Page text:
J. Neal: On the acute/regional side, my opinion is the big scientific questions revolve around improving patients’ functional outcomes and being willing to do so in ways that don’t always involve placing blocks. Part of this includes further investigation into long-acting analgesic modalities, system improvements, and longer-term follow-up. I find these questions much more relevant than “I just described the seventh approach to the sciatic nerve.”
On the pain medicine side, work still needs to be done to determine if and under what circumstances various interventional procedures are indicated. In my humble opinion, ASRA can influence these questions by continuing to fund meaningful research without being overly judgmental into the “worthiness” of the scientific question being proposed. Let’s be honest with ourselves: 25 years ago, who would have ever thought that lipid would have anything to do with mitochondrial metabolism, much less be an effective antidote for one of our deadliest complications? Not every funded project will hit a home run, but let’s be careful not to overthink what we believe will produce meaningful return on investment. As my good friend Chris Bernards was fond of saying, “Never believe everything you think.”
K. Schroeder: What is the secret to your academic longevity? How have you avoided burnout?
J. Neal: If there is a secret, I argue that it’s counterintuitive. That is, nirvana is not about preserving income, getting relieved as early as possible, or complaining about the madness of operating room attire policies. Finding balance in one’s life is always difficult, but when it comes to the work portion of that equation, those who seem happiest are those who continue to enjoy direct patient care mixed with some other form of professional involvement, be it research, teaching, or administrative duties. Those with the most professional satisfaction seem to derive great pleasure from taking good care of the people they exist for—their patients or trainees at work and their family at home. There is interest and motivation to stay involved in something beyond just themselves and simple pleasure in their day-to-day routine that seems to energize those who are happiest in our profession. My observation is that you are more likely to remain stimulated and interested in the career portion of your life if you focus on taking care of your patients and your profession.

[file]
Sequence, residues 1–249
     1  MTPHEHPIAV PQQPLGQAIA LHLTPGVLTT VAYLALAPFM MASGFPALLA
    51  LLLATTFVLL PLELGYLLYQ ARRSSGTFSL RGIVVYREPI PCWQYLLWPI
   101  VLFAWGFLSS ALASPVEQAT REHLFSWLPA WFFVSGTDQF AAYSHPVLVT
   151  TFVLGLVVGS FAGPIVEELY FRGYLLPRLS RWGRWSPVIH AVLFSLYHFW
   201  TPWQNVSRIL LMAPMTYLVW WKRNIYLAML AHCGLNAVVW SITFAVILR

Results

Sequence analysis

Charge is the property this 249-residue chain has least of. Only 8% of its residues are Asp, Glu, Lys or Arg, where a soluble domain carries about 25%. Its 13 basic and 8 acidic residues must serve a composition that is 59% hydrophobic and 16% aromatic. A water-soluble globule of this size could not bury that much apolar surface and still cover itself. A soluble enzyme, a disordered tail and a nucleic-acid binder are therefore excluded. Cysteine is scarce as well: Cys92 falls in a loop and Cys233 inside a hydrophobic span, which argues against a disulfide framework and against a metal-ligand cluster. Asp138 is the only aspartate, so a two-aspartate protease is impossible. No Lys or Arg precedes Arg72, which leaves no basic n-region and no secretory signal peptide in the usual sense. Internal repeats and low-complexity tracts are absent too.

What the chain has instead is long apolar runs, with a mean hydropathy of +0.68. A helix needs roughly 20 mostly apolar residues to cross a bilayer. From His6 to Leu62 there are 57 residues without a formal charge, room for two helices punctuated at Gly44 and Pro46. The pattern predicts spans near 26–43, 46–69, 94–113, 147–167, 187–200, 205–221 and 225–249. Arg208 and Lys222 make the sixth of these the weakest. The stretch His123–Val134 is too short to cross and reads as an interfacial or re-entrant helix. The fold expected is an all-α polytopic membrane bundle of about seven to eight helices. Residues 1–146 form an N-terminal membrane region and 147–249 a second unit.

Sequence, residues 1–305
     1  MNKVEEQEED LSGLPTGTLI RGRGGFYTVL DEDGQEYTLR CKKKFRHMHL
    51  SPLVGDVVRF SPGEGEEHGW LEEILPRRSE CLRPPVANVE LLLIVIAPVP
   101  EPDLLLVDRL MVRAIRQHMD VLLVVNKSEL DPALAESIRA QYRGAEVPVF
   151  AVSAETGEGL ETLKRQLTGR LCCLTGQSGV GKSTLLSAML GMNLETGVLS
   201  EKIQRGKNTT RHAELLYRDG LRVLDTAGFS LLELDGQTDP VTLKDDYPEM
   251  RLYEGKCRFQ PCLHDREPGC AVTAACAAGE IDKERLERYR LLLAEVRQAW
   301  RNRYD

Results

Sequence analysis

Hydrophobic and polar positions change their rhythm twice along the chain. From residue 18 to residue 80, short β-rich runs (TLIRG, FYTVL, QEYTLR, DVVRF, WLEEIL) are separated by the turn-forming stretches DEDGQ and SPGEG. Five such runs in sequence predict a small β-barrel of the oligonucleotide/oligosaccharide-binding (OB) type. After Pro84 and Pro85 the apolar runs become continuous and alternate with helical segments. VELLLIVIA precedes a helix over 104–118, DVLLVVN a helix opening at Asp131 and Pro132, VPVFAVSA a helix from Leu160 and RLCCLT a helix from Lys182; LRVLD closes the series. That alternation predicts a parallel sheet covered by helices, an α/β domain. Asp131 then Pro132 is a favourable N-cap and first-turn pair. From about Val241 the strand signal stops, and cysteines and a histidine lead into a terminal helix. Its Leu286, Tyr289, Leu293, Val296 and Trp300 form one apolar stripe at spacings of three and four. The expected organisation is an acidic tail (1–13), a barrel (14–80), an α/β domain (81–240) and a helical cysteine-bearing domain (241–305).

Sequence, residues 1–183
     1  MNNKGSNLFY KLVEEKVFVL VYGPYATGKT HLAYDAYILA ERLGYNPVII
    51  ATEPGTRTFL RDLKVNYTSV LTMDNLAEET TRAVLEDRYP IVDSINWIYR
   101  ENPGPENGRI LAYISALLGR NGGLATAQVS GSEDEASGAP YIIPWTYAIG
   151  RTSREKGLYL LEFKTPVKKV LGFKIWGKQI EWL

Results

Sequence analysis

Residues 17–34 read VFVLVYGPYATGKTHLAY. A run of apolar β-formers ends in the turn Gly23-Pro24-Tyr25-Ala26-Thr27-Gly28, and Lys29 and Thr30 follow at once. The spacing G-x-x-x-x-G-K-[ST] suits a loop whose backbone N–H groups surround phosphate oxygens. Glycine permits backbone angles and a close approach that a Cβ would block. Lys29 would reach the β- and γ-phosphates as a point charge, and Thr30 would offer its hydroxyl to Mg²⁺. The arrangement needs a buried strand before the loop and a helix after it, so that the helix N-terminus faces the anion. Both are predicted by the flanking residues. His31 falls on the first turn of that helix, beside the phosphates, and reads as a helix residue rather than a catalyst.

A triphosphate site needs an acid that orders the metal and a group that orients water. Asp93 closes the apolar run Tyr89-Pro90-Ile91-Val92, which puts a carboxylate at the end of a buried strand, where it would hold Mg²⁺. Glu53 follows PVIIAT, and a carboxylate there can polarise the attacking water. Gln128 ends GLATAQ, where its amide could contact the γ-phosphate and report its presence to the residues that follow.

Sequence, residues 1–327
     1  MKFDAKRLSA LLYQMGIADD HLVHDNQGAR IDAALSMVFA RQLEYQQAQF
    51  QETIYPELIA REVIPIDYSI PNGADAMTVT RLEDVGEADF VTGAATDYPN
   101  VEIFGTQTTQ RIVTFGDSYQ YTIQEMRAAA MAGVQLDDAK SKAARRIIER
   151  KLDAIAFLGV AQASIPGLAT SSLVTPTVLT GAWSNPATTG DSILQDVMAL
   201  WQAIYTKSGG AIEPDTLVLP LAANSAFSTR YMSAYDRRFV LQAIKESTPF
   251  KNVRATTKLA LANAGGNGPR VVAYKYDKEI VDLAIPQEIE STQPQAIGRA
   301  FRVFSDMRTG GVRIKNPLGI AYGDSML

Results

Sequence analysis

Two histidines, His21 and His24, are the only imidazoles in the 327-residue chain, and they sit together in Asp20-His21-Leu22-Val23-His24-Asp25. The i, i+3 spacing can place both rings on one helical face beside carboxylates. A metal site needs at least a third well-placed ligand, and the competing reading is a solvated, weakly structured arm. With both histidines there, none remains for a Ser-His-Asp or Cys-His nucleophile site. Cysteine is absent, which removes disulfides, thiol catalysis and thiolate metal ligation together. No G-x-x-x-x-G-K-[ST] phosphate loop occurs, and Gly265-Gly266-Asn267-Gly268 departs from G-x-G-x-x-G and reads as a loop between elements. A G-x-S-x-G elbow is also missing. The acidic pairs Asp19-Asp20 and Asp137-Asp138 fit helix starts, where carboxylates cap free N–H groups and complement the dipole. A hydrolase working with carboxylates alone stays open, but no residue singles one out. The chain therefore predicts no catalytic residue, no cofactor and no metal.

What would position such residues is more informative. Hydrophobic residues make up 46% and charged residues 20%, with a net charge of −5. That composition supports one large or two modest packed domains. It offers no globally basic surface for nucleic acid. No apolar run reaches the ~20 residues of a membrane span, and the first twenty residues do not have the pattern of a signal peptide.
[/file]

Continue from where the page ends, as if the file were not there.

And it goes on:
K. Schroeder: What is on the horizon for you academically?
J. Neal: As my clinical career comes to an end over the next few years, there are various academic projects that I hope to complete. One involves using different methodologies to look at those extremely rare neurologic complications associated with regional anesthesia. It’s a topic that I am interested in, and it provides a great collaborative opportunity with friends from around the country.
K. Schroeder: Is there anything else you would like the readers of the ASRA News to hear from you?
J. Neal: I have very much enjoyed the relationships that I have developed within ASRA over the years. ASRA, its members, and professional staff have given me so much more than I have ever given in return.